State Issues 2019
States continue to investigate ways to legislate away the “surprise billing” issue that has sprung up as insurers continue to narrow their networks. Because OMSs provide services at hospitals, they will likely be disproportionately affected by these bills compared to the rest of the dental community. Proposals have been introduced that require out-of-network providers to be reimbursed at a specified percentage of the usual and customary rate for the geographic area, require providers to accept assignment of benefits, prohibit balance billing or require specified patient notification before a provider can balance bill a patient. This is by far the most prevalent issue among the bills being tracked by AAOMS in 2019.
With the enactment of dental therapy bills in Arizona and Michigan in 2018, we have seen several states propose similar legislation this year. As of 2018, eight states authorize the practice of dental midlevel providers either in a limited capacity (such as on tribal lands) or on a statewide basis. Of concern to OMS, many of these midlevel proposals authorize the performance of irreversible procedures – including the extraction of badly diseased and highly mobile permanent teeth – by inadequately trained providers. Proponents of this model argue such extractions are “uncomplicated extractions,” but as a profession we know that what may at first appear simple may indeed be quite complex. AAOMS continues to oppose allowing midlevel dental providers from diagnosing a patient or performing irreversible procedures.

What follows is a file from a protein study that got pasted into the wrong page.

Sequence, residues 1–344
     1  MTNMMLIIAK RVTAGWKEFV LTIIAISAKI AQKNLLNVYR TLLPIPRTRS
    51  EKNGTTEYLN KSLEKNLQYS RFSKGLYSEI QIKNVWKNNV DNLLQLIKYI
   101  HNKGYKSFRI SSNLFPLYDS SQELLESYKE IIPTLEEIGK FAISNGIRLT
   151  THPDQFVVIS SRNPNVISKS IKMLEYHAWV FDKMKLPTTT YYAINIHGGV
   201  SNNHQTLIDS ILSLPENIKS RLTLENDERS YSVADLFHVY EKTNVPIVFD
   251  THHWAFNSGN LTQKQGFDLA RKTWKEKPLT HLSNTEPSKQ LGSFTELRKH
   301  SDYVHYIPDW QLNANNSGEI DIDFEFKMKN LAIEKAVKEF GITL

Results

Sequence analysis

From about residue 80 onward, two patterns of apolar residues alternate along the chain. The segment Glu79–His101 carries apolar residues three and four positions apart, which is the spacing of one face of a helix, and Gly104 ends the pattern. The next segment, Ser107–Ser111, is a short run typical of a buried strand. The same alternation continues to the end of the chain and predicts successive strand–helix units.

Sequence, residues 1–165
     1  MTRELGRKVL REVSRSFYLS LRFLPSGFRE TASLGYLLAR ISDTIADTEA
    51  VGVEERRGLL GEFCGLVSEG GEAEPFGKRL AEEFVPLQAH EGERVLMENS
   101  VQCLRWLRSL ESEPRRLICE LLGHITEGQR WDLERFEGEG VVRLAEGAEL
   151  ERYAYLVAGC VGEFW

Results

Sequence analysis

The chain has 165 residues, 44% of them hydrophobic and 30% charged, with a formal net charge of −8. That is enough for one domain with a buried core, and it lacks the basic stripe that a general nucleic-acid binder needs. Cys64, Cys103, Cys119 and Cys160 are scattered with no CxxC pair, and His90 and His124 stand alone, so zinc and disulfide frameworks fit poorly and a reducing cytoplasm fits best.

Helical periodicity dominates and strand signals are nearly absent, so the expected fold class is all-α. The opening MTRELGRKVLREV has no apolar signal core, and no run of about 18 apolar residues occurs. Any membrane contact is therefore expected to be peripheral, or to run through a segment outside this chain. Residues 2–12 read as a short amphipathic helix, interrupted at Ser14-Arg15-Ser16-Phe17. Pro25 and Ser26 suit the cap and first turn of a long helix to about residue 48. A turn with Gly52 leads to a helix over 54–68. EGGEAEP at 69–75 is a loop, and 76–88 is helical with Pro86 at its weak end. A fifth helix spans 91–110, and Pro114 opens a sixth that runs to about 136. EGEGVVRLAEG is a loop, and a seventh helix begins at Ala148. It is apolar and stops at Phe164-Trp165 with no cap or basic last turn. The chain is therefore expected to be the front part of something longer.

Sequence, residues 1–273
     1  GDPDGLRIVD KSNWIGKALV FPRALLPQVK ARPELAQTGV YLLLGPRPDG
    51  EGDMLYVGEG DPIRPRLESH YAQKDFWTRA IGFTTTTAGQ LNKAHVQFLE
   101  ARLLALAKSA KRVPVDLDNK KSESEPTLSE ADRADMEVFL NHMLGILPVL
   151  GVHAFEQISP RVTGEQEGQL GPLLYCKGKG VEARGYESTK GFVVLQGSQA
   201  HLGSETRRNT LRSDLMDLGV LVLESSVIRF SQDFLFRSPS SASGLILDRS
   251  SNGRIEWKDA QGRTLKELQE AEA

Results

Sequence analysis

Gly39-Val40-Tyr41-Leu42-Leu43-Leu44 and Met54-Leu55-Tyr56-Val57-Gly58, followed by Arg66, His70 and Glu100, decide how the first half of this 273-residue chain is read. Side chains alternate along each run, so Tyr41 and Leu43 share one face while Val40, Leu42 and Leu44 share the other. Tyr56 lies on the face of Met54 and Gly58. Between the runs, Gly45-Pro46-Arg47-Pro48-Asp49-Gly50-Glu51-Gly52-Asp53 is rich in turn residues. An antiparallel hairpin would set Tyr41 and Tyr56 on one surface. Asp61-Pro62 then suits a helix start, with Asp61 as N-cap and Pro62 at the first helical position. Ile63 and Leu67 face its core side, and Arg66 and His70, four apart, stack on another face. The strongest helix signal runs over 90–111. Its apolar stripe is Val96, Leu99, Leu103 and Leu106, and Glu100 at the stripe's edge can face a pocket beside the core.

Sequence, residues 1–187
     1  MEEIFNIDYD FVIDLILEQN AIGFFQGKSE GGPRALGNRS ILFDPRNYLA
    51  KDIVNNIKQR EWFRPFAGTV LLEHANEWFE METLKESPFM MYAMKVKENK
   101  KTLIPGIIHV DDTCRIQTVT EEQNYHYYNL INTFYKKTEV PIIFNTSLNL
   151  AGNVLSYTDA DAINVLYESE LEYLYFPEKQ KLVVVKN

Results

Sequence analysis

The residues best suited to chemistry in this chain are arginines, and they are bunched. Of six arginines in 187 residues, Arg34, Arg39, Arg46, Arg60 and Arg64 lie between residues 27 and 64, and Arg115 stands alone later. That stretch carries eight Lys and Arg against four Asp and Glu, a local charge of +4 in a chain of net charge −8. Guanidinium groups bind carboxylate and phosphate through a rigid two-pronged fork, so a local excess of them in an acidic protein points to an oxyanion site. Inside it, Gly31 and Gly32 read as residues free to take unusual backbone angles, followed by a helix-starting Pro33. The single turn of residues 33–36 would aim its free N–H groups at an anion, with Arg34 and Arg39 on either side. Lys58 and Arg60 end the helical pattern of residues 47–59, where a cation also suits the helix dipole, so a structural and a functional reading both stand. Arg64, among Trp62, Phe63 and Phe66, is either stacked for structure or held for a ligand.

As states continue to develop ways to address the nation’s opioid epidemic, many are proposing legislation that would mandate electronic prescribing of controlled substances. Eight states currently require e-prescribing with an additional four states’ laws scheduled to take effect by 2020. While e-prescribing can be helpful to states’ tracking of controlled substance prescriptions, it can also be burdensome to implement. Providers and pharmacies need adequate time to incorporate the technology into their systems and account for any implementation waivers granted to providers unable to meet the requirement. Past history has shown that states that fail to take these facts into account result in chaotic roll outs, delayed patient care and a rush to implement corrective legislation.
While states generally mandate health insurance coverage for the treatment of craniofacial anomalies in young children, procedures performed later in life – particularly related to dentistry – are frequently denied coverage. Several states instituted insurance mandates for such treatment and AAOMS is seeing an uptick in similar proposals for 2019, mainly in the northeast. AAOMS supports efforts to require health insurers to cover procedures that correct craniofacial anomalies – including associated dental and orthodontic treatment. At the federal level AAOMS is working with a coalition of patients and providers to address national legislation that would require such coverage.